It’s impossible to tell what species the dinosaur is from the toe alone. They aren’t even sure what the genus is, or the family is. They just know the order: it’s an ornithopod. Ornithopods were plant-eating dinosaurs that had birdlike pelvises and usually walked on two legs, but sometimes walked on four.

That would be sort of like finding a human toe bone, but only being able to tell that it came from a primate. Retallack hoped to narrow it down further, but that proved difficult.

“I had the summer of the foot fetish. I visited museums all the way from Fairbanks, Alaska to Bozeman, Montana, looking at ornithopod feet,” says Retallack. No bone was a good enough match to make an identification, but the ones that best matched the Mitchell Ornithopod belonged to hadrosaurs, or duck-billed dinosaurs.

It’s impossible to tell for sure without more fossils, but it would be fitting if the first dinosaur found in Oregon was a hadrosaur — the first complete dinosaur skeleton ever found was one, too.

“There is one sad thing: Oregon’s first dinosaur isn’t quite a duckbill. The Mitchell Ornithopod lived before duckbills showed up,” notes Retallack, “Sorry, Duck Fans. Too bad. ”

Since they can’t tell what species it is, they don’t get to give it a scientific name. It’s just the “Mitchell Ornithopod.” But Retallack thinks Oregon’s first fossil is worthy of a nickname, at the very least, “I was thinking something like Emily. Or Bob. I kind of like Emily. I don’t know why.”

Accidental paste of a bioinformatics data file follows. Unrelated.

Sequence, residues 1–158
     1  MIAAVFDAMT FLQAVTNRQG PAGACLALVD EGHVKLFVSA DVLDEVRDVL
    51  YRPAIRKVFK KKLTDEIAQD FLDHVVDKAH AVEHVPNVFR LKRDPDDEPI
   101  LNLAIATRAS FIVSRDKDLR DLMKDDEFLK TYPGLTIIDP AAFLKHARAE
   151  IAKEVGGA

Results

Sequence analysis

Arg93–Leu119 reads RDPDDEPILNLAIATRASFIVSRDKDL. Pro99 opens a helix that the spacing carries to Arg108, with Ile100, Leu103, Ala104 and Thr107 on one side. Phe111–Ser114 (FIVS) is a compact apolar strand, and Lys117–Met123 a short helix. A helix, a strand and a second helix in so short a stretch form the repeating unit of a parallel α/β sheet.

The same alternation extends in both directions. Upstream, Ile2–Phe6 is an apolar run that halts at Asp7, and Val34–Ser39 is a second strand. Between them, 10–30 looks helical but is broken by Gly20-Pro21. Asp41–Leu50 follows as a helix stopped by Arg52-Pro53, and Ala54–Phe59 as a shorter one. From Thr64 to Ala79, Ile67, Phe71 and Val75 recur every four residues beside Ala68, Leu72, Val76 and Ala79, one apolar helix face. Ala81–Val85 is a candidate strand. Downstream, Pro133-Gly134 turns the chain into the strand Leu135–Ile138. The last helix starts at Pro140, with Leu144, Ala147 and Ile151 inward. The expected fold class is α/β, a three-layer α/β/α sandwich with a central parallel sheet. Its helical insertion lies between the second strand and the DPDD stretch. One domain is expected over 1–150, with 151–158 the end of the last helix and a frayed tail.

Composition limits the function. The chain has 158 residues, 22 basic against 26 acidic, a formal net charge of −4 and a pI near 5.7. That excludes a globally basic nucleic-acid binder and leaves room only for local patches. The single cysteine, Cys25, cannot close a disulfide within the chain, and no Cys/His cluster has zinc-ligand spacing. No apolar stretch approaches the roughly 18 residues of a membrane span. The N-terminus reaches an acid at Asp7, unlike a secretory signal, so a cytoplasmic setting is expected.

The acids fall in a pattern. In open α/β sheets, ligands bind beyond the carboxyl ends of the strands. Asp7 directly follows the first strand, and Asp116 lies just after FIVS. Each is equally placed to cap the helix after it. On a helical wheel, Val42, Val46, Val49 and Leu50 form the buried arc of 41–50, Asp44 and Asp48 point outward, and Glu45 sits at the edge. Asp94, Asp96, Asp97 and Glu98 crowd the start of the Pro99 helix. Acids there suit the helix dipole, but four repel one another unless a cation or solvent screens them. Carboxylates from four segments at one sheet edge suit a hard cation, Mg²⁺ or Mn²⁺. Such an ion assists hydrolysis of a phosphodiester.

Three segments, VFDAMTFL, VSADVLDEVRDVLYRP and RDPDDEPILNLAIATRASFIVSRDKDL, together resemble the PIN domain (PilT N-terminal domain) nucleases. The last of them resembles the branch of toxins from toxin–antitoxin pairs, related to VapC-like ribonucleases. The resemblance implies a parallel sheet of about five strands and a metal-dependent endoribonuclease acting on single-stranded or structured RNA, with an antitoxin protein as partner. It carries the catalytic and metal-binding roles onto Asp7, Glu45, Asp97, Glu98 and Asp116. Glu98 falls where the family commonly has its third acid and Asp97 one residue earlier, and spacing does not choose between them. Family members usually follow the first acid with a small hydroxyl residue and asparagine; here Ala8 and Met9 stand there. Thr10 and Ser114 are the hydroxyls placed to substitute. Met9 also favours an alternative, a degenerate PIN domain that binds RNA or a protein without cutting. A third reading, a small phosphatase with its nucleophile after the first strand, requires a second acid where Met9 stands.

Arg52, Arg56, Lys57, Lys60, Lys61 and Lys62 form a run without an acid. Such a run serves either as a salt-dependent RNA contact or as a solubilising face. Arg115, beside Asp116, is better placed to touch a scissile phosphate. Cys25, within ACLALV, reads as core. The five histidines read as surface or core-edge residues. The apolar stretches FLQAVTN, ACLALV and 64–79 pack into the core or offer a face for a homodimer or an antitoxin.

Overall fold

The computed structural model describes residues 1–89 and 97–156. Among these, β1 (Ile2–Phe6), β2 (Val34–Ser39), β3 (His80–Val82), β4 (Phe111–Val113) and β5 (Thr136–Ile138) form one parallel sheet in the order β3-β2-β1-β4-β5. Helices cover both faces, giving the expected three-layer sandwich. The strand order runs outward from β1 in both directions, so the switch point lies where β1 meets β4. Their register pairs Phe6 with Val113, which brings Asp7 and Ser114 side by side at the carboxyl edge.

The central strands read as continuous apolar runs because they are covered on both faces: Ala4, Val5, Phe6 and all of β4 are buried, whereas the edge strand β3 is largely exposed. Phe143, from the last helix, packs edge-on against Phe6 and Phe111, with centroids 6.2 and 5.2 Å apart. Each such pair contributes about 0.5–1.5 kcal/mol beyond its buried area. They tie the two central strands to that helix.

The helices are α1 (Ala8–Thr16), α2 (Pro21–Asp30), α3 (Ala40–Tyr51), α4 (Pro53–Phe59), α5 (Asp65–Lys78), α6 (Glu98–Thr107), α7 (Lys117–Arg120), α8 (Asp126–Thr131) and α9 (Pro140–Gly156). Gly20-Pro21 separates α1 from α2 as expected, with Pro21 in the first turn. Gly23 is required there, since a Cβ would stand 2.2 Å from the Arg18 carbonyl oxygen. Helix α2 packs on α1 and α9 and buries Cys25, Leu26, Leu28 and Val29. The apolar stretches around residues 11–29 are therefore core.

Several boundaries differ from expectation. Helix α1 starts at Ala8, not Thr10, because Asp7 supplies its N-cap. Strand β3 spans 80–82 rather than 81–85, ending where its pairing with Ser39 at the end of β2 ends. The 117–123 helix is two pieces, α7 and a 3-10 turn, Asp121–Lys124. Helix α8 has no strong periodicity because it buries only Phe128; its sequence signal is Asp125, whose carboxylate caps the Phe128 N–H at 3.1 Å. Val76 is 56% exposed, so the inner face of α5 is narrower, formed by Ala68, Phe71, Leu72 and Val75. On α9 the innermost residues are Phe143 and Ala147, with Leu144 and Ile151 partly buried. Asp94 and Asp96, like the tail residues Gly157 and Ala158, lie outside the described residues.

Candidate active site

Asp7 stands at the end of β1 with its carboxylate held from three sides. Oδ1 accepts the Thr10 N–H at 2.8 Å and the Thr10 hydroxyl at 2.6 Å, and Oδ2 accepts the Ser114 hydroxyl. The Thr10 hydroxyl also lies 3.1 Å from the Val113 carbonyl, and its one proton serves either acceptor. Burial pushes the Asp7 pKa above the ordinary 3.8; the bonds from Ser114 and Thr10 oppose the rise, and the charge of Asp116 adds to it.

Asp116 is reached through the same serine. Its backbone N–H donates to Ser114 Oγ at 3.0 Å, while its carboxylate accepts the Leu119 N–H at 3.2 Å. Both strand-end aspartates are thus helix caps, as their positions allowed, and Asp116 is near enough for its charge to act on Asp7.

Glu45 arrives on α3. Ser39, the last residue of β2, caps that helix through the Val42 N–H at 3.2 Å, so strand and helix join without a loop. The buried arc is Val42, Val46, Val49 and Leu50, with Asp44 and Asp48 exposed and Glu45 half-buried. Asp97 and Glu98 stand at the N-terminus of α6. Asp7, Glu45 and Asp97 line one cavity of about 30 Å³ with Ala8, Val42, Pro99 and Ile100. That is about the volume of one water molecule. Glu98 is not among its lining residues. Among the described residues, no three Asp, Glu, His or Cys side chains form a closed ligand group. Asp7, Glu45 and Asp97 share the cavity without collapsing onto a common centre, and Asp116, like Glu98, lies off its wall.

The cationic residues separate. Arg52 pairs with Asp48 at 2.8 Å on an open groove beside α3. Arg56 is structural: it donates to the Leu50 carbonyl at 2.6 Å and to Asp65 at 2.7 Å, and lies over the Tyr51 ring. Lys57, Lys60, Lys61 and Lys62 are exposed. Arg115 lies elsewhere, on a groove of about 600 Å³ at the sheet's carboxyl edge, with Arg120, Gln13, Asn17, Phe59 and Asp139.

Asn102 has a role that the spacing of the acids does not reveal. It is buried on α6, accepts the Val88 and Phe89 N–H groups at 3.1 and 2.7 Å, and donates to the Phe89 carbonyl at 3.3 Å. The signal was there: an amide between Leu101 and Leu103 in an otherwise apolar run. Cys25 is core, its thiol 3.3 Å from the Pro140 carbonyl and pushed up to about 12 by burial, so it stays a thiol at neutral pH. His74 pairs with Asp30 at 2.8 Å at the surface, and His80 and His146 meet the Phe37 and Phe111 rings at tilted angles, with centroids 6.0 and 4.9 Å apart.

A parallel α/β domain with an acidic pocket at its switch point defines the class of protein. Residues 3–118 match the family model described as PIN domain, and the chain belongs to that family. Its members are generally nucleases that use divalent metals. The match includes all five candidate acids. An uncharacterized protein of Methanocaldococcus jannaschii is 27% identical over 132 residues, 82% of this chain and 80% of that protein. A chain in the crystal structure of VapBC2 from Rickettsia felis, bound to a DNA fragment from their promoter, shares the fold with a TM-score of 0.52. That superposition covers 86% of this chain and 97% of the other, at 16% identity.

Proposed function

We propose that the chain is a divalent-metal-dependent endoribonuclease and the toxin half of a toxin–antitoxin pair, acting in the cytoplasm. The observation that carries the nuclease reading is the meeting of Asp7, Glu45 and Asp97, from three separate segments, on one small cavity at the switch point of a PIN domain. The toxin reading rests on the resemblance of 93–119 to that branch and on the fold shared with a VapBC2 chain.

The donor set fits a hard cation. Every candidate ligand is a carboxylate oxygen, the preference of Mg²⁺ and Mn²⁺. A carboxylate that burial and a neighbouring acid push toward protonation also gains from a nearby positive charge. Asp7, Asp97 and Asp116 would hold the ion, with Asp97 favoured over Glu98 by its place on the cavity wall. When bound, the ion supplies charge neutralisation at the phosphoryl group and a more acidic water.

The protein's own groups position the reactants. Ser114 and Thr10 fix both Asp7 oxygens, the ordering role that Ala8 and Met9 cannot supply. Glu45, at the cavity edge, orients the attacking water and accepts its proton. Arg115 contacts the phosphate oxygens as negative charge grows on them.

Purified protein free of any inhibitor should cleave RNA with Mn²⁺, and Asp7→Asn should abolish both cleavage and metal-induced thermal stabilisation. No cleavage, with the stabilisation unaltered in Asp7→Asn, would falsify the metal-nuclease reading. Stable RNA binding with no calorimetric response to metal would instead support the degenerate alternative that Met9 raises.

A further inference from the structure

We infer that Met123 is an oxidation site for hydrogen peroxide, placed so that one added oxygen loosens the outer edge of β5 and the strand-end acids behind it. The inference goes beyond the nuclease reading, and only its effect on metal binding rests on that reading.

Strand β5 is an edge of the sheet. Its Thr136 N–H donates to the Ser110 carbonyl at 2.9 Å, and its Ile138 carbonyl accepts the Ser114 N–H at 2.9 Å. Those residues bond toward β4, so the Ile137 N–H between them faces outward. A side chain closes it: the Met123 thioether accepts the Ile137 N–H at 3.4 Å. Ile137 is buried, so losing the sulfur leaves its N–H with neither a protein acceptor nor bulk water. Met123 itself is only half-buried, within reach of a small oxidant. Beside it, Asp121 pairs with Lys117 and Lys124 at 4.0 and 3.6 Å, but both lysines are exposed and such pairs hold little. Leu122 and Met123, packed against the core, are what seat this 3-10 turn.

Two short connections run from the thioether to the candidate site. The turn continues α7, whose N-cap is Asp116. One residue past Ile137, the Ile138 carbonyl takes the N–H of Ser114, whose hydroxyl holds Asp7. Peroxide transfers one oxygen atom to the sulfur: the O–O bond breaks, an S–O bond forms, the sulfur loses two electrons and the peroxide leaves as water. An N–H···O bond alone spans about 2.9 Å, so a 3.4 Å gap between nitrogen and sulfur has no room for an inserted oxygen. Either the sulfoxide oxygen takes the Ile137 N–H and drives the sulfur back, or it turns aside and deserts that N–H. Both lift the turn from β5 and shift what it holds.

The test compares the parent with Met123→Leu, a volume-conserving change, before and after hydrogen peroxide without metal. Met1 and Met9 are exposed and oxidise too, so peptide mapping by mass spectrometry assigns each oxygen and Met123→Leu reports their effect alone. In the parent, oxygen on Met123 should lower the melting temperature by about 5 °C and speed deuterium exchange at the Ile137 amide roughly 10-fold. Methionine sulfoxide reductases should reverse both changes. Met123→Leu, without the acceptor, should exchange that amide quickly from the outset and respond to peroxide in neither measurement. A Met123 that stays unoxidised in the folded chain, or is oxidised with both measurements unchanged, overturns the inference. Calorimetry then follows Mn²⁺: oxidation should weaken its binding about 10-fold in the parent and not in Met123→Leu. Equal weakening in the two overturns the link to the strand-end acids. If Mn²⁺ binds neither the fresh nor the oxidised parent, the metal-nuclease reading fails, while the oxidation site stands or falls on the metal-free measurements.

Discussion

It’s a little unusual to get this excited about such a small fossil find. But because coastal parts of North America were terrible at forming fossils, this toe bone is one of the only glimpses into the Northwest from that time period we have. It’s not clear where this ornithopod fits into the Northwest’s ancient ecosystems.

“It would be great to know!” Hopkins laughs. “It’s sort of silly. I’m a vertebrate paleontologist, and this is, of all of the things I have published, the scrappiest piece of evidence I have ever used for a publication.”

Because the toe bone is exactly that: just a toe. It can’t tell us the ecology of Oregon, or what the dinosaur ate, or even what sex it was.

It’s the rarity of this find that makes it special. It’s the first dinosaur fossil confirmed in Oregon, so it’s the first indication that anyone has had at what prehistoric life may have looked like near where Oregon is today. We suspected, but couldn’t say definitively, that dinosaurs were in this sliver of North America. Now we can.

“It’s a small data point, but it is a dinosaur! And it was found in the rocks in Oregon,” says Hopkins. That in and of itself is novel.

And if there’s one, there’s probably another. Now that Retallack and Hopkins’ paper has been published, people might know what to look for. And the fossil itself will be on display at the Museum of Natural and Cultural History at the University of Oregon.

One amateur rockhound has already sent a specimen Retallack’s way. It had been sitting in the man’s backyard for years. Retallack won’t say much about it (the research still needs to go through peer review) but maybe Emily (or Bob) will get a new friend.

Listen to OPB's Erin Ross discuss the dinosaur fossil find with "All Things Considered" host Kate Davidson in the audio player below.

Copyright 2018 Oregon Public Broadcasting

Erin Ross